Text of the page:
Sid Le Rock: You mean like from the like performing side? Yeah, can you imagine a drum circle, that would be fantastic! It would have to be within North America because it’s a big production to travel around, but playing a couple of shows here and there would be a really nice thought to do. From the aspect of traveling around Europe, it would be pretty much a one-man show, as usual. The next step is to make the recorded music more live functional for a live performance.
PANM 360: Given the political and socio-economic situation of the First Nations in Canada, the title of your album sounds like a political statement. What are your thoughts?
Sid Le Rock: I totally know where that’s coming from, it really wasn’t the impression I want to make. Of course, it’s added to the fact that Native American aboriginals are always going to have that message behind it about the misrepresented and the social inequalities that they’re going through. So when you’re putting out a record it does come off as if it’s kind of a political view but really it was more in a perspective of paying my respects to my heritage to the sound, to the culture, and something that I was always fascinated by, from my growing up North in Ontario where it was very common to have a pow-wow and things like that.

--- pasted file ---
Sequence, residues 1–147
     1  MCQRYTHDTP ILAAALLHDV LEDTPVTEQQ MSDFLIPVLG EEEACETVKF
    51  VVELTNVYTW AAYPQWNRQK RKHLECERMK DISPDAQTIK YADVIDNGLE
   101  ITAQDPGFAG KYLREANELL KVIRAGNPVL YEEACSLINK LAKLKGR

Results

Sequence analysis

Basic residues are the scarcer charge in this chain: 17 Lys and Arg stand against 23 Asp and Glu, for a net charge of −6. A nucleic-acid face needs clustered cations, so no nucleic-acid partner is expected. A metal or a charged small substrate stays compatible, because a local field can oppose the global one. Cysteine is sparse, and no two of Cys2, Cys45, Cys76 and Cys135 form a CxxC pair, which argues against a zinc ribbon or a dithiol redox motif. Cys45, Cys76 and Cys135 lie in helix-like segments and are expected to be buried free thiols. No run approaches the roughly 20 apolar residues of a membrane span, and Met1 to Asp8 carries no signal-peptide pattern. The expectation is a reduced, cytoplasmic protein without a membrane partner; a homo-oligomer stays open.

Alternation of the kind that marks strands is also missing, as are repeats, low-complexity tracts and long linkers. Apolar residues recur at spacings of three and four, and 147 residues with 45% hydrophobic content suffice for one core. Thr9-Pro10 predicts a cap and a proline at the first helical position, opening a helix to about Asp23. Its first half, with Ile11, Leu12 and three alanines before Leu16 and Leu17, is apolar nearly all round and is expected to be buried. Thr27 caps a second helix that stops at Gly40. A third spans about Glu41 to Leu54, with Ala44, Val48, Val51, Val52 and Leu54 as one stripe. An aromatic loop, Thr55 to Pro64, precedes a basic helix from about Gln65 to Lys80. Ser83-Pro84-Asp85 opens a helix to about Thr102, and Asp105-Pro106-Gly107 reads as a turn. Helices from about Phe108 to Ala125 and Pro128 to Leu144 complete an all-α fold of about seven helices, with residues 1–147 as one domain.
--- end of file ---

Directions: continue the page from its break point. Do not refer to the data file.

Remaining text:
Pan M 360: Yes, and about that heritage, you’re talking about I was wondering what was your relationship with music before you decided to become an artist?
Sid Le Rock: Music was always a big part of our family, from my dad playing the fiddle or the harmonica to my mom being a music teacher. I was too busy playing with the neighborhood kids so I actually didn’t take advantage of those skills at an early age, but later. I even remember my dad used to do these vinyl parties, where he would invite neighborhood kids and we would have these games at the party where, if you won this contest, you would get vinyl from his record crate. I’m just reflecting on it down and like wow, giveaway record collection to kids who had no turntables probably. During my early teens I was hanging out with friends in a small town there was not much to do, and so we were all influenced by hip hop and excited to do our own little thing. It all came together, where I felt that spark not just as a listener, but as someone who wants to be more involved in the process of making music.
PAN M 360: Finally this album, by joining your roots, seems like it’s closing a loop.
Sid Le Rock: It’s almost like a reflection, or like homesickness that I have for Canada. I try to get back to Canada once a year to visit them, but you see a major difference, you see more gray hair, more wrinkles and I think it’s an album that speaks a lot of value like a return to Canada in a way, you know so yeah eventually I’ll get back home, and then I guess that’s my calling card to say that, with this music I’ve released, this is a promise that we’ll be back home soon.